There was something thrilling about watching our finest composer, Aaron Copland--the artist once banished from official Washington--conducting the National Symphony on the West Lawn of the Capitol last night. There are times when this country chooses to praise its famous men, like the 81-year old Copland, while they are still ours.

Just after 8, Copland walked onto the makeshift stage facing the Capitol building from the foot of the West Lawn. The man whose music was banned from President Eisenhower's first inauguration because its composer was said to be "subversive" was greeted with a standing ovation from an audience estimated at 35,000 to 40,000 people. Then he conducted the National Anthem and, with no prompting, the crowd turned to the flag on the Capitol dome. Many put their hands over their hearts. A large number of the concertgoers were too young to remember firsthand the 1952 inaugural or the McCarthy era, but many seemed to appreciate the event's emotional significance.

After the anthem, which regrettably is not a composition of Coplandesque quality, the evening was all-Copland, with much of the man's formal diversity and musical flair. There just isn't much in musical composition that the man hasn't mastered--except, in this listener's opinion, opera.

The opening work was the "Fanfare for the Common Man," that great World War II expression of the grandness of American ideals, if not always of our purposes. The "Fanfare" sounded splendid--though passing judgment on a performance in such an acoustical setting is always tricky.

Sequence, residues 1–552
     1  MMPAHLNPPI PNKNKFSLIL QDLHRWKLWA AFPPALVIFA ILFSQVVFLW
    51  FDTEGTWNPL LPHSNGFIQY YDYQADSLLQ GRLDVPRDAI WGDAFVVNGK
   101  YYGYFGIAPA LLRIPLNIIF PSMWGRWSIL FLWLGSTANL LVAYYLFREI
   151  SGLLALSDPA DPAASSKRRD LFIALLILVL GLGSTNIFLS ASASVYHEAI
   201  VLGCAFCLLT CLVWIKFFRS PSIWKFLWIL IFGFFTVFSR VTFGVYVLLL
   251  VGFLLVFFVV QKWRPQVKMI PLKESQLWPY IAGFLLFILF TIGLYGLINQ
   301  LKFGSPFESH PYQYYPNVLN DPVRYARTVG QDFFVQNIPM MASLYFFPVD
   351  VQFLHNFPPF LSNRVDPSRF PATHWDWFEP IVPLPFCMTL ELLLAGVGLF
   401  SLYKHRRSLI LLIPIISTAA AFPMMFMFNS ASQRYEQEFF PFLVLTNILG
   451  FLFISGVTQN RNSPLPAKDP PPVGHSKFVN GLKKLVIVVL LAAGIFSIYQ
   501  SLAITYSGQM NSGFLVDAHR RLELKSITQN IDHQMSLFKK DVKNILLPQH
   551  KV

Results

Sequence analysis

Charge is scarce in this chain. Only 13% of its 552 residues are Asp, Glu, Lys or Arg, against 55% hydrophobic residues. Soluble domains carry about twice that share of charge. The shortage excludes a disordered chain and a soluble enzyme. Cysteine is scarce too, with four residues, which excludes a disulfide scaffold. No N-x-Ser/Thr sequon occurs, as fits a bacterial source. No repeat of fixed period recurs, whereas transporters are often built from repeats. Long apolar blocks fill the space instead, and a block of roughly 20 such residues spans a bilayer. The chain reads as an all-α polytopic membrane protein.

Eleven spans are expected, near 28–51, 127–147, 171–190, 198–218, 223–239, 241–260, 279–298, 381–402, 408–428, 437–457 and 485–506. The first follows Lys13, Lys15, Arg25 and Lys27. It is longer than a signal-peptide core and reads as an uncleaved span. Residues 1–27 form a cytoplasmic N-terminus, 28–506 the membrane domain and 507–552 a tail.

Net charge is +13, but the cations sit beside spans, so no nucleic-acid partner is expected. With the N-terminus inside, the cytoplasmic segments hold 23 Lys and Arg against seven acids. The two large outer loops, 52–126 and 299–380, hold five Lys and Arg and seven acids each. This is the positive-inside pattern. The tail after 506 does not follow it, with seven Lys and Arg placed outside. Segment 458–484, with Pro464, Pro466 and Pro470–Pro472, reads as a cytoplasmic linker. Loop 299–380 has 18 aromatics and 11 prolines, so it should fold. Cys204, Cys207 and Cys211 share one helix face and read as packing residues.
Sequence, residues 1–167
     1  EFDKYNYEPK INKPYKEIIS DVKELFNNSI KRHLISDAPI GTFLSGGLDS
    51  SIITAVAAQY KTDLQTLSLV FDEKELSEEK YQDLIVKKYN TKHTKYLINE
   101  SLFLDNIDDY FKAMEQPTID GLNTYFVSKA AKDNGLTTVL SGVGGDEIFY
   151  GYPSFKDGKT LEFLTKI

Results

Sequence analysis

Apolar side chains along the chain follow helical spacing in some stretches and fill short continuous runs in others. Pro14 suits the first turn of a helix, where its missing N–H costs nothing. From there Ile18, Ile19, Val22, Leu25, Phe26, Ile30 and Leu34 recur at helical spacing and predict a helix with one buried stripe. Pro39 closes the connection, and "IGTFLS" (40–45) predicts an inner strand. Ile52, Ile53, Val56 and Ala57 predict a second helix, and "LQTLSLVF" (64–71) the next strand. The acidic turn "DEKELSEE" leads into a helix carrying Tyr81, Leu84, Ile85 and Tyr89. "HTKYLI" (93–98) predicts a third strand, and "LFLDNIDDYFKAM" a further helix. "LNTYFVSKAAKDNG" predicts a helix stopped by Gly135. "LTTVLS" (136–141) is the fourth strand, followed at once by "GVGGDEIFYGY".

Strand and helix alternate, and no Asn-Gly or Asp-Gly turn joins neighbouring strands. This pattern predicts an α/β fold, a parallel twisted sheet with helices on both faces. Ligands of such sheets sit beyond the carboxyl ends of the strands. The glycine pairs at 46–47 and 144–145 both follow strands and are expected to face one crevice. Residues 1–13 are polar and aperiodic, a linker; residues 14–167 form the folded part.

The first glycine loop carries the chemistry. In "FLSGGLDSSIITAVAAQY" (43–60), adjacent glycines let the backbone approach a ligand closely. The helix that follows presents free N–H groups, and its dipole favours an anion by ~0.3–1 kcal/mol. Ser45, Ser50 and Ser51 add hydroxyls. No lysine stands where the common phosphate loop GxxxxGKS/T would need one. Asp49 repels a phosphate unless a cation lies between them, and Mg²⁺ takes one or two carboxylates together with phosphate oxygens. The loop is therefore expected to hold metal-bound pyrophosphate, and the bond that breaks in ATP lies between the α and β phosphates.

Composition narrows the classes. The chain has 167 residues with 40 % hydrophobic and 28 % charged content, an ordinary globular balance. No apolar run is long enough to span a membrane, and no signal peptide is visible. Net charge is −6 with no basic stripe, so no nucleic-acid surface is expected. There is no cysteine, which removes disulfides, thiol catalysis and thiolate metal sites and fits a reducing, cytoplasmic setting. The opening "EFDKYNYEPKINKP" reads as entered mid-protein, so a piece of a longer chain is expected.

Then came the exuberant "Outdoor Overture"--just the work to play the day after the concert had been postponed because of Sunday night's storms. Following the "Overture" was that glorious paean to the rawness and monumentality of the American frontier, "Billy the Kid."

But the most moving moments were elegiac. First there was the lyric, serene music Copland wrote for Thornton Wilder's "Our Town." Though it is for a large orchestra, it has all the tenderest attributes of chamber music--much less craggy than most of Copland's own chamber compositions, splendid as they are. The conducting and the orchestra's playing was moving indeed.

So were the performances of five of Copland's "Old American Songs" by the redoubtable baritone Richard Stilwell. He performed, as usual, with exemplary musicianship and diction. When he started singing "Simple Gifts," which is the climactic melody of "Appalachian Spring," the listeners broke into applause. Of course they should not have, but given the happy vibes of the event, who can blame them.

As an encore, there was the "Hoedown" from "Rodeo," to which the delighted crowd clapped in unison on the on-beat.

The National Symphony seems to have substantially solved the amplification problems of its West Lawn summer concerts. The orchestra's executive director, Henry Fogle, put his finger on the problem last night: "Because of the echo it sounded like we were having two concerts instead of one. The first came from the stage and the other one echoed off the Captitol building slightly later."

Now, with a new sound system, in which the speakers rise higher above the sides of the stage and the feedback speakers farther up the Hill have been eliminated, the sound is notably cleaner, with the echo minimized so that it's not much of a problem. Outdoor concerts at the Capitol, though, are never going to sound like Carnegie Hall.